“There is one stirring hour when a wakeful influence goes abroad over the sleeping hemisphere. At what inaudible summons are all these sleepers thus recalled in the same hour to life? [They] have not a guess as to the means or purpose of this nightly resurrection. Towards two in the morning they declare the thing takes place; and neither know nor inquire further. We are disturbed in our slumber only that we may the better and more sensibly relish it.”
Robert Louis Stevenson, author of A Child’s Garden of Verses, penned these words in 1878 while on a twelve-day trek through the highlands of France. One evening at sunset Stevenson settled under some pine trees and, after enjoying a meal of bread and sausage, chocolate, water, and brandy, he crawled into his “sleeping sack” and fell asleep. He awoke shortly past midnight, and spent the next hour smoking and contemplating the night sky before falling into a slumber that would be “the better and more sensibly relish[ed]” because of the wakeful interlude.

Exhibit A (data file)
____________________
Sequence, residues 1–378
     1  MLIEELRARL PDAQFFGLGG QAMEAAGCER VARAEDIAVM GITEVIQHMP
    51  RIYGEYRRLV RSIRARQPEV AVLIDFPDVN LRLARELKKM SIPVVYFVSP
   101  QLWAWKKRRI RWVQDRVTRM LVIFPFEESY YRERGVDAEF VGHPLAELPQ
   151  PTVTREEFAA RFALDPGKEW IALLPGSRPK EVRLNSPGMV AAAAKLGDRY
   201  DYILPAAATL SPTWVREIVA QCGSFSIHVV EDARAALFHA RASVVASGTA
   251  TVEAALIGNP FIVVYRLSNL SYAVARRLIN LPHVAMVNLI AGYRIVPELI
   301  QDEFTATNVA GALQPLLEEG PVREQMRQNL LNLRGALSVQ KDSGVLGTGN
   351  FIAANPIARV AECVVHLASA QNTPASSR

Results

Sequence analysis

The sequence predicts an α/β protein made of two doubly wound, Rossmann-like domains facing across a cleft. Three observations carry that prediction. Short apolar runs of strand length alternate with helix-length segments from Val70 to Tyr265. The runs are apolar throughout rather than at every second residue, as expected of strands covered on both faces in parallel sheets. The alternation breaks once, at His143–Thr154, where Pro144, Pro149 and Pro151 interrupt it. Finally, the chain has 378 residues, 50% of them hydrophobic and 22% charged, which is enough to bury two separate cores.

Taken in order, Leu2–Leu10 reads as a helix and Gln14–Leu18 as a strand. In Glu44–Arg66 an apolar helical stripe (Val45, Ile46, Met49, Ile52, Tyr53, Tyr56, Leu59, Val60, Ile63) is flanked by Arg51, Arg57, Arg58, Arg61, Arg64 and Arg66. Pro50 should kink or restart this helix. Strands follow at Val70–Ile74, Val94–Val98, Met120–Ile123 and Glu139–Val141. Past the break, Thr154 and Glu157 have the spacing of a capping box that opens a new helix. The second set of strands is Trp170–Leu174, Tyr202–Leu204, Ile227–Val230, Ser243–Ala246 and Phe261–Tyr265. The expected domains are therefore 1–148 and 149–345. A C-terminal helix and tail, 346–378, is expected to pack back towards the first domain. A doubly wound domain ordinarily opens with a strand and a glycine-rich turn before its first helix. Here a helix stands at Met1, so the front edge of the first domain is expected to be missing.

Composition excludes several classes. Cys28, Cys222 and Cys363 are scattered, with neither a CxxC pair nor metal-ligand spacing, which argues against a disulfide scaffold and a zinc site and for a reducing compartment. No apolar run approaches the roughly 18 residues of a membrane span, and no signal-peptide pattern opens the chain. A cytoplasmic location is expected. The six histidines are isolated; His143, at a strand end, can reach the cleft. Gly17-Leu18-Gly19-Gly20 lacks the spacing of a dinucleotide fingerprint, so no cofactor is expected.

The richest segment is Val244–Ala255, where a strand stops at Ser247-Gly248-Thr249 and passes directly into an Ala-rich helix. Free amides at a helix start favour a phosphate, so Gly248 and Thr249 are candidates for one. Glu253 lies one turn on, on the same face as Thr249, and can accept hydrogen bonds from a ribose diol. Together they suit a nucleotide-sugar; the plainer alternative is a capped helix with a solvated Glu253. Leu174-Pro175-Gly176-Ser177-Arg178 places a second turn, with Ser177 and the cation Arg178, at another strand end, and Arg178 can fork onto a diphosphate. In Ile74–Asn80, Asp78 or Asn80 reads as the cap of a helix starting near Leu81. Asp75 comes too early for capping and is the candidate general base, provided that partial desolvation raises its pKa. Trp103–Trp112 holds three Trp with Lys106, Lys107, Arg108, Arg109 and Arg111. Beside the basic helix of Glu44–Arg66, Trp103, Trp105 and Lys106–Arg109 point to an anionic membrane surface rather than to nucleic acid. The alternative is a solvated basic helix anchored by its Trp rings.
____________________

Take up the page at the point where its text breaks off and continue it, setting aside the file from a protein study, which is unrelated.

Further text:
Stevenson’s poetic reflections on that “one stirring hour” suggest a deep appreciation for what we now call “segmented sleep.”
Read more at the beautiful new blog Abundance of Good!